A water-conditioning test was carried out using different combinations of the builder components of the invention at various concentrations and at different pHs to determine their effectiveness at preventing crystal growth.

EXPERIMENTAL PROCEDURE A. SAMPLE PREPARATION

The procedure is first to mix the following in the order listed to 100 ml of test solution in a stoppered test bottle.

1. Well water (about 98.0 ml).

2. Builders expressed in ppm of active.

3. Sodium carbonate expressed in ppm.

4. Adjust pH upward to either 10 5 or 11 5 with dilute sodium hydroxide solution.

B. AGING PROCEDURE

The stoppered test bottle are placed into a water bath and held at 70° C. for two hours.

C. METAL ANALYSIS

At the end of the two hours, the test bottles are removed from the water bath and a portion immediately filtered through a 0.45 micron filter. The filtrate is evaluated for calcium (Ca), magnesium (Mg), and sodium (Na) using an Inductively Coupled Argon Plasma (ICAP) instrument.

An untreated well water blank is also subjected to ICAP to determine the initial concentration of calcium and magnesium. Results are expressed in ppm.

D. RESULTS

The results of the water-conditioning test are listed in Tables II-V.

              TABLE II______________________________________Detergent Use Conc. 1500 ppm; Init. pH = 10.5FILTRATE (0.45 u)                     Car-Deq.   LMW     Belsp. bon-          pH AfterTest 2010   45      161   ate  Ca   Mg   Na   2 HoursNo.  PPM    PPM     PPM   PPM  PPM  PPM  PPM  @70° C.______________________________________57   30.0   --      --    400  28.5  6.1 303  10.658   30.0   --      --    400  28.7  5.8 313  10.759   --     67.5    --    400  17.9 19.2 290  10.760   --     67.5    --    400  56.7 20.3 331  9.761   --     --      22.5  400   5.9  3.9 276  10.562   --     --      22.5  400   6.6  4.8 245  10.563   30.0   67.5    --    400  58.4 21.8 299  10.664   30.0   67.5    --    400  59.6 22.0 297  10.6565   30.0   --      22.5  400  48.7 18.8 308  10.366   30.0   --      22.5  400  29.4  8.2 263  10.4567   --     67.5    22.5  400  58.7 21.3 276  10.468   --     67.5    22.5  400  58.3 22.2 263  10.569   30.0   67.5    22.5  400  58.3 21.2 297  10.5570   30.0   67.5    22.5  400  58.6 22.1 275  10.5______________________________________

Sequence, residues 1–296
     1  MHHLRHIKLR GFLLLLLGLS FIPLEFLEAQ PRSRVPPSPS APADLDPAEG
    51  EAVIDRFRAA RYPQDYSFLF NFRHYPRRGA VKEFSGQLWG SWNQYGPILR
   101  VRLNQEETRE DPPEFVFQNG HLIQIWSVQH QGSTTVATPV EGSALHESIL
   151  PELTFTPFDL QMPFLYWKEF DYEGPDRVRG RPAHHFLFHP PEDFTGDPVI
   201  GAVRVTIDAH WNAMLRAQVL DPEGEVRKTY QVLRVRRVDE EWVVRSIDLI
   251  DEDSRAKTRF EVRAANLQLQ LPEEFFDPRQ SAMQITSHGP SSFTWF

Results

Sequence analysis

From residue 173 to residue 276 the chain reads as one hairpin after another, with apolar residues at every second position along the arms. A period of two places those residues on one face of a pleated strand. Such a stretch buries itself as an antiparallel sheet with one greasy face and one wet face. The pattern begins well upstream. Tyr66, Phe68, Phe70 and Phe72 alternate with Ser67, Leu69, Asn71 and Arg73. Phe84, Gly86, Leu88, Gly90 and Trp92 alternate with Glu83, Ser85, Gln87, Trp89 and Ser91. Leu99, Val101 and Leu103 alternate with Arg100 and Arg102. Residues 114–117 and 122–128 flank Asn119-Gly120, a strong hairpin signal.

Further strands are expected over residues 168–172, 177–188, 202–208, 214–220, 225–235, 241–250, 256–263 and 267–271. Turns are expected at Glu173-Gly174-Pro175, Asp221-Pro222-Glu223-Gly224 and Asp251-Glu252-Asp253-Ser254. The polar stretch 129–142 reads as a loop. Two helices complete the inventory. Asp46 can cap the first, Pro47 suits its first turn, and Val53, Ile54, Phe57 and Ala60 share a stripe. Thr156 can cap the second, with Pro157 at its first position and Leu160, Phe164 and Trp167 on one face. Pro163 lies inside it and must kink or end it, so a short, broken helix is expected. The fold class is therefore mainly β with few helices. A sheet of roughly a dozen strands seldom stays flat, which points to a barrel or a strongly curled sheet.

TABLE III______________________________________Detergent Use Conc. 1500 ppm; Init. pH = 11.5FILTRATE (0.45 u)                     Car-Deq.   LMW     Belsp.                     bon-                pH AfterTest 2010   45      161   ate  Ca   Mg   Na   2 HoursNo.  PPM    PPM     PPM   PPM  PPM  PPM  PPM  @70° C.______________________________________71   30.0   --      --    400  26.0  3.1 342  11.1572   30.0   --      --    400  25.2  2.5 352  11.1573   --     67.5    --    400   9.8 19.6 372  11.2574   --     67.5    --    400  10.2 20.0 388  11.1575   --     --      22.5  400   2.4  2.1 345  11.276   --     --      22.5  400   2.2  5.3 370  11.4577   30.0   67.5    --    400  30.2  3.1 322  11.2578   30.0   67.5    --    400  31.0  2.9 351  11.3579   30.0   --      22.5  400  24.3  2.2 363  11.380   30.0   --      22.5  400  22.9  1.5 343  11.3581   --     67.5    22.5  400  12.4 19.5 356  11.482   --     67.5    22.5  400  13.2 20.5 359  11.483   30.0   67.5    22.5  400  54.7 19.5 358  11.284   30.0   67.5    22.5  400  52.9 18.6 377  11.4Well Water Blank   61.8   22.4   3.5______________________________________